Donald Trump told Fox News’ Greta Van Susteren Thursday night that he believes Sen. Ted Cruz should get a declaratory judgment from a federal court, ruling that Cruz is a natural born citizen eligible to run for president. What Trump may not know—but which his lawyers should have told him—is that Cruz can only get such a ruling if Trump sues him first.
Breitbart News has thoroughly analyzed the legal issues raised by Trump’s questioning whether Cruz is eligible under Article II of the Constitution to run for president. If Trump sues Cruz now, this matter could be decided by a federal court before Iowans go to their caucuses on February 1.
When George Washington was elected as America’s first president, he had a legal question regarding America’s treaty with Great Britain and sent that question to the Supreme Court for the justices to rule on the matter. In 1793, the Supreme Court responded with a letter to Washington, including, “We exceedingly regret every Event that may cause Embarrassment to your administration,” but then explaining that the U.S. Constitution only gives federal courts the power to declare a legal interpretation when a proper lawsuit is brought before the courts.
From 1793 to 2016, the federal courts have been explicit that they cannot issue “advisory opinions.” Article III of the Constitution says the “judicial Power” only extends to certain types of cases. One of Article III’s requirements is adversity: a court can only declare legal decisions when there are at least two adverse parties—a plaintiff and a defendant—who are trying to defeat each other.
Otherwise, people could game the court system to twist and pervert the law. A plaintiff and defendant could conspire together, with one side making great arguments and the other party deliberately filing only pathetic arguments, trying to push the court in one particular direction. It is the equivalent of a boxing match where one fighter deliberately throws the fight to the other side.
As the Supreme Court has explained many times, requiring parties to be adverse means that a federal judge will get the best possible legal briefs and oral arguments that both sides can throw at each other. This gives the judge all the tools he needs to decide the case correctly.
Long ago, Congress passed the Declaratory Judgment Act, found at 28 U.S.C. § 2201, which empowers federal courts to “declare the legal rights and other legal relations” of parties to a lawsuit. But Congress can never exceed the powers granted to it by the Constitution, and the Constitution still requires both parties in a declaratory judgment lawsuit to be adverse.
(Many newsworthy lawsuits are declaratory judgments. Usually when a plaintiff asks a court to strike down a law, it is asking for a declaratory judgment. Most of the biggest lawsuits—such as the Obamacare case NFIB v. Sebelius, the gay-marriage case Obergefell v. Hodges, the Second Amendment case D.C. v. Heller, and the religious-liberty case Town of Greece v. Galloway—were all declaratory judgment lawsuits.)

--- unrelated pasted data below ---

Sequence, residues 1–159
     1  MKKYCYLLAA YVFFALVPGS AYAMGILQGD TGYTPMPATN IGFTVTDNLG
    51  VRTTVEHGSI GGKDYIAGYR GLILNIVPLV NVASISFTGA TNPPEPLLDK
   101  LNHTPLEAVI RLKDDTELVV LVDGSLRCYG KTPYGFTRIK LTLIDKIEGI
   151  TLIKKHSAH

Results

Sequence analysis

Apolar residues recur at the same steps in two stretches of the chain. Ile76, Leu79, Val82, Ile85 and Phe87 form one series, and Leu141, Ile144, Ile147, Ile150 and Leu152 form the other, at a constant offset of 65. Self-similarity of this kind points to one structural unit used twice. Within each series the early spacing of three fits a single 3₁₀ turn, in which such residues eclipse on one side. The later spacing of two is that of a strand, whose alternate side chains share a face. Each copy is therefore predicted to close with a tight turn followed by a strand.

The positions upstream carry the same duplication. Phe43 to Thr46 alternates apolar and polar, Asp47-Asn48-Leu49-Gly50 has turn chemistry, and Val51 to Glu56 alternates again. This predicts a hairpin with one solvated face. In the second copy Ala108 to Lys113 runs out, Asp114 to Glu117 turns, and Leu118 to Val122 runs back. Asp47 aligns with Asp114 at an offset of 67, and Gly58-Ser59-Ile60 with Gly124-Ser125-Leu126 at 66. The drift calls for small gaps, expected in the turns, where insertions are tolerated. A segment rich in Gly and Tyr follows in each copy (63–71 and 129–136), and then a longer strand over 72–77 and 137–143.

Now that Trump has raised these issues, the whole country—not just the Republican Party—will benefit from a prompt resolution of the controversy. If Trump is right, then Republicans should know while they still have time to decide who the party’s nominee should be. Otherwise, Hillary Clinton could make this a political issue but never take it to court, in a cynical effort to depress conservative turnout at the polls and elect her as a liberal Democratic president.
On the other hand, if Trump is wrong, and Cruz is constitutionally eligible—as Breitbart News has already reported that both conservative and liberal legal scholars seem to think—then Republicans’ judgment in choosing their nominee should be informed by that knowledge, as well.
The only reason for Trump not to sue is if he intended this issue to cast doubt upon Cruz to help Trump win the Republican primaries, but believed that the law was actually on Cruz’s side. If so, he could continue to erode Cruz’s vote share by warning voters that the Texas senator would be an unconstitutional president, but never take it to court to be proven wrong.
In fact, if Trump is right that Cruz was not born a U.S. citizen, then even now, Cruz would not be an American citizen at all because he never went through the naturalization process required for all foreign immigrants, and would, therefore, not be eligible to be a U.S. senator. (Article I of the Constitution requires that all senators be U.S. citizens for at least nine years before being elected.)
If Trump moves for a preliminary injunction asking for the U.S. district court in Iowa to block Cruz from the Iowa caucuses because Cruz is ineligible, a federal judge would schedule briefing and oral argument within days. A court decision could be rendered within a week. The losing party (Trump or Cruz) could then file an emergency appeal to the U.S. Court of Appeals for the Eighth Circuit in St. Louis, which would likely schedule the case to be heard only days later and render a decision before the end of January.
The losing party at the appeals court could then petition the U.S. Supreme Court for review. If the Court chooses to intervene, it could likewise resolve the matter with rapid speed.
But the federal courts are powerless under Article III to act until someone with standing to sue files a declaratory-judgment lawsuit against Cruz. The clearest standing is the standing of a rival GOP candidate. If Trump believes Cruz’s eligibility is in doubt and that Cruz should get a declaratory judgment to settle the matter, then Trump should sue now. Either way, he would do himself, Cruz, and the country a favor by doing so.
Ken Klukowski is legal editor for Breitbart News. Follow him on Twitter @kenklukowski.